The good news for Kings fans is that we’re already seeing indications of that happening. When news of the Maloofs backing out of their commitments hit last week, Stern immediately moved in to front $200,000 on the family’s behalf for pre-development costs. That was designed to keep the project moving until the BOG meetings when the matter will be discussed. And if Stern thought at all that the city should be held liable for those funds, he would have never showed a valued owner up over such a nominal dollar amount. Especially for guys who are viewed as having no money, paying $200,000 on their behalf just screams Natty Light (not that there’s anything wrong with that).

The other good news is that nobody in the city’s camp appears to be overly worried about the Maloofs’ most recent power play. The city council voted 7-2 to continue forward with the project, with the understanding that no city funds would be used until the matter is resolved at the BOG meetings. K.J. went on the offensive on Tuesday, calling the Maloofs’ recent actions “disingenuous,” adding:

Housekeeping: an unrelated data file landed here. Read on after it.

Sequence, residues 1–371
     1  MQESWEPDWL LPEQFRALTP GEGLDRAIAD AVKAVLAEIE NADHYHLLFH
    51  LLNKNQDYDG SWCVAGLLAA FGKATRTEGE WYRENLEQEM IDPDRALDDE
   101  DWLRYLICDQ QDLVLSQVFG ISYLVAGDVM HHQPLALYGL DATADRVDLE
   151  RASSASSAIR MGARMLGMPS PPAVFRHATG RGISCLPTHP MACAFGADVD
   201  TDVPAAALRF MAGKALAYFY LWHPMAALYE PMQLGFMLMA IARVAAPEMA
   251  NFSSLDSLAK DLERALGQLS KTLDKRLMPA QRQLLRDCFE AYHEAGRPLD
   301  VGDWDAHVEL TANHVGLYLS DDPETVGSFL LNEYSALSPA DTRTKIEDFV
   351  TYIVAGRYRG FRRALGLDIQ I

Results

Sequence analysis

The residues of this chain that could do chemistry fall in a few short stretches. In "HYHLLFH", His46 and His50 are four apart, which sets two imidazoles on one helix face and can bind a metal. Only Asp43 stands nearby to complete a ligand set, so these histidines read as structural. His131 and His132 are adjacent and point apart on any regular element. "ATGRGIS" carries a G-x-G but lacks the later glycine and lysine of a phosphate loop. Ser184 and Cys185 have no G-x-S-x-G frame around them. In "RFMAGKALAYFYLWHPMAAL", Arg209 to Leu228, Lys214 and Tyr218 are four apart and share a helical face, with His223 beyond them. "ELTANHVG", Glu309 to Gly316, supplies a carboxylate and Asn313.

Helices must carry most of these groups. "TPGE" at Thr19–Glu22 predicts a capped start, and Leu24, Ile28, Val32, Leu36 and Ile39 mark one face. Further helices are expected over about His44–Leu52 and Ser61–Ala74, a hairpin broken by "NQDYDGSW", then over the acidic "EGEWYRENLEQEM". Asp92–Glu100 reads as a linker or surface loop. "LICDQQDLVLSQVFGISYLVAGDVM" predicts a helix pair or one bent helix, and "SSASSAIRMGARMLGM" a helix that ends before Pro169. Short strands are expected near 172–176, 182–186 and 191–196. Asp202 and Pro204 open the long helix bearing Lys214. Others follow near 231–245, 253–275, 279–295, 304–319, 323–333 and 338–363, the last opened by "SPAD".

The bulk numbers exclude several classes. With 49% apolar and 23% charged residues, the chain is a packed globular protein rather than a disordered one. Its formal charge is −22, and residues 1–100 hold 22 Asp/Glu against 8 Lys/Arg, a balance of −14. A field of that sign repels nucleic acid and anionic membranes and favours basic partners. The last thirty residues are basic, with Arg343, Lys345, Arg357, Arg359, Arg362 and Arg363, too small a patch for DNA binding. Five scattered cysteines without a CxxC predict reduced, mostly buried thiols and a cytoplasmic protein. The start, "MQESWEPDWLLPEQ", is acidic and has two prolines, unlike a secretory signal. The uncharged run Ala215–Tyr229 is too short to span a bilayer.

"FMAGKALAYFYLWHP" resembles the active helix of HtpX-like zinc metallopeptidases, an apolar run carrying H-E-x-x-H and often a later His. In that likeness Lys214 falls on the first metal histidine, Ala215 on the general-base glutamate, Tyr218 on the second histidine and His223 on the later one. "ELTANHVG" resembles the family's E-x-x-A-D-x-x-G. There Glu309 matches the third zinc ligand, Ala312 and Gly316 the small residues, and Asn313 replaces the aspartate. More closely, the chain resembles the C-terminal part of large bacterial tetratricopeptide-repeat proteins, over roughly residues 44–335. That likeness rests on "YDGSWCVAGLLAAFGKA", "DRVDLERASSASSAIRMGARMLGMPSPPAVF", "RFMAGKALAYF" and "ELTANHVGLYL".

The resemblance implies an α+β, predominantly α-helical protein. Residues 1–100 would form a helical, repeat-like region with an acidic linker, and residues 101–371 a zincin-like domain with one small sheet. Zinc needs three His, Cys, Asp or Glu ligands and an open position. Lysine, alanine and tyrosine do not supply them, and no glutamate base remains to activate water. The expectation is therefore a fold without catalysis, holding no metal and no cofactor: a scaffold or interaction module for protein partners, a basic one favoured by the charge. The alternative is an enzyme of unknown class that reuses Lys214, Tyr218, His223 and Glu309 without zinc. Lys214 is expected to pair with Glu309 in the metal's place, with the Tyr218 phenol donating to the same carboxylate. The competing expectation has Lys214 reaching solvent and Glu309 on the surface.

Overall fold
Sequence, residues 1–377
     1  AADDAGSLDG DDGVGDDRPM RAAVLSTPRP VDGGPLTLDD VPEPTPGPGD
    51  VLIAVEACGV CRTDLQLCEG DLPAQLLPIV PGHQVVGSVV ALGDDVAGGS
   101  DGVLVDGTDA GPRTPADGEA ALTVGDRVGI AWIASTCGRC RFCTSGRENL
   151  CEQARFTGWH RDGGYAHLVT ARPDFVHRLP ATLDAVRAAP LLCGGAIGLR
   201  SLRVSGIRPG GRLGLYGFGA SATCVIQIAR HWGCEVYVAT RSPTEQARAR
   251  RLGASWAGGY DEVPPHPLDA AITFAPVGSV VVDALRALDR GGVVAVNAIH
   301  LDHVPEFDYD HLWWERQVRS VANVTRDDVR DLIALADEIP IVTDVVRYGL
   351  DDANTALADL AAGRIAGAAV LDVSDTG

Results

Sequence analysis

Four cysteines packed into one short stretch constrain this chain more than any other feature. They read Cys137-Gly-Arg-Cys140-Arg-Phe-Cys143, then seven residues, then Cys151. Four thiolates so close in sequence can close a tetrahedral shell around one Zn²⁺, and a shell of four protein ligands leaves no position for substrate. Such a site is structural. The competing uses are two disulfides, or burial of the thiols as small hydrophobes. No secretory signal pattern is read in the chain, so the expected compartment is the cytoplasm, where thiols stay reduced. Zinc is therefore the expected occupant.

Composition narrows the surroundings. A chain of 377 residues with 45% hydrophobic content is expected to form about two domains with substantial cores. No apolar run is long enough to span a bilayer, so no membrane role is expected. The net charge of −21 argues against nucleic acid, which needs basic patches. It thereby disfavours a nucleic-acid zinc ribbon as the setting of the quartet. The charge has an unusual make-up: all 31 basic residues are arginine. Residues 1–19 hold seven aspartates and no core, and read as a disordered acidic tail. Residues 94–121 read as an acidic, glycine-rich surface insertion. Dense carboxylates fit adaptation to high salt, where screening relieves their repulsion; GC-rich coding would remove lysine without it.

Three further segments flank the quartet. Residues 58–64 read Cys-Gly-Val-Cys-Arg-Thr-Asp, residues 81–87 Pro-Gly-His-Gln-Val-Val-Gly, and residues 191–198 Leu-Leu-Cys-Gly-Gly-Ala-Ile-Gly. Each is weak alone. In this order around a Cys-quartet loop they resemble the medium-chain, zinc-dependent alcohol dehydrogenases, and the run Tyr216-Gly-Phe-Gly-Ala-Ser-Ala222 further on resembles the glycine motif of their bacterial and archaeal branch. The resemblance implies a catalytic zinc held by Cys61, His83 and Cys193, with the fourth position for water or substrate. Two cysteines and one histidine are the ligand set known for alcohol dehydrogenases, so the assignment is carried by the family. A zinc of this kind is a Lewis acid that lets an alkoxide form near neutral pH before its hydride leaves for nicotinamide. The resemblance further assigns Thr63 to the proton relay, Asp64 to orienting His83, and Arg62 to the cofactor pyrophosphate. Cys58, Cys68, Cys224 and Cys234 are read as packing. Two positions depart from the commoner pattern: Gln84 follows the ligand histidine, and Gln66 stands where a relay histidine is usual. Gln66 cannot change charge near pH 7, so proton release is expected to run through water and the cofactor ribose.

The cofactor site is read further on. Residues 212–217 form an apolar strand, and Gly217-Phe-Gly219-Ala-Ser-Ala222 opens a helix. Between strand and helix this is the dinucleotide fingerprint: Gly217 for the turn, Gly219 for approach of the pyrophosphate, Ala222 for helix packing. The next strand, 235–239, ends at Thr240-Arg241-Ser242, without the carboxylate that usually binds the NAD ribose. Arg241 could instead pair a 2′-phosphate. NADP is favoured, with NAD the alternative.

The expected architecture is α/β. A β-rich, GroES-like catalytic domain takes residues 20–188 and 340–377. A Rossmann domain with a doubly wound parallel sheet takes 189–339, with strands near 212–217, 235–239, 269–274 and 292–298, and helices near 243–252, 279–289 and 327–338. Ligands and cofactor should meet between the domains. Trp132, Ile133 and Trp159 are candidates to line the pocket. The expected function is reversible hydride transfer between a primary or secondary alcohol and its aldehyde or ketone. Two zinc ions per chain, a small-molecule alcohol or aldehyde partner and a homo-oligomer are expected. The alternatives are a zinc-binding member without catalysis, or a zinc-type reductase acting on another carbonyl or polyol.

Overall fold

We’re not going to be a city that sits on its hands. And we’ve gotten this far because we stood up and we’ve taken a stand on what we believe in. So do we need to look at contingency plans? Absolutely. What those are at this point, I’m not ready to share. But as I said, we don’t want to get caught flat footed. We need to make sure we’re protecting our community in all ways and we need to look at all of our options.

You can’t make public statements that say one thing and then privately be doing another. I don’t think that’s in the spirit of what we all thought and where we thought we’d be at this point.

He said much more than that, too, and none of what he said were the words of a man intimidated by the most recent developments. They were the words of a man that knows he has Keyser Soze in his back pocket. And whether Ron Burkle exists or not, the mere mention of his name and the fact that Johnson has an arena deal all-but done has stripped the Maloofs of nearly all the leverage that they once had.

They cannot complain that Sacramento hasn’t done their part, as the city has delivered on all of the promises it made to David Stern last year. According to Johnson, Stern admitted as much in a conversation they had:

In terms of that deadline, I was very clear. I talked to (the) commissioner a couple times this week and I told him that the New York meetings are critical for Sacramento. Because we can’t be in limbo – we can’t keep having the finish line moved on us. We all expected that we had an agreement, we thought we’d all be pushing in the same direction and there’s been countless tactics and antics that are just not becoming (of a) true partnership in my opinion. With that said, the commissioner said to me and insured me that the NBA governing board, the commissioner of the NBA, the relocation committee, the advisory financial committee – they all know what the facts are.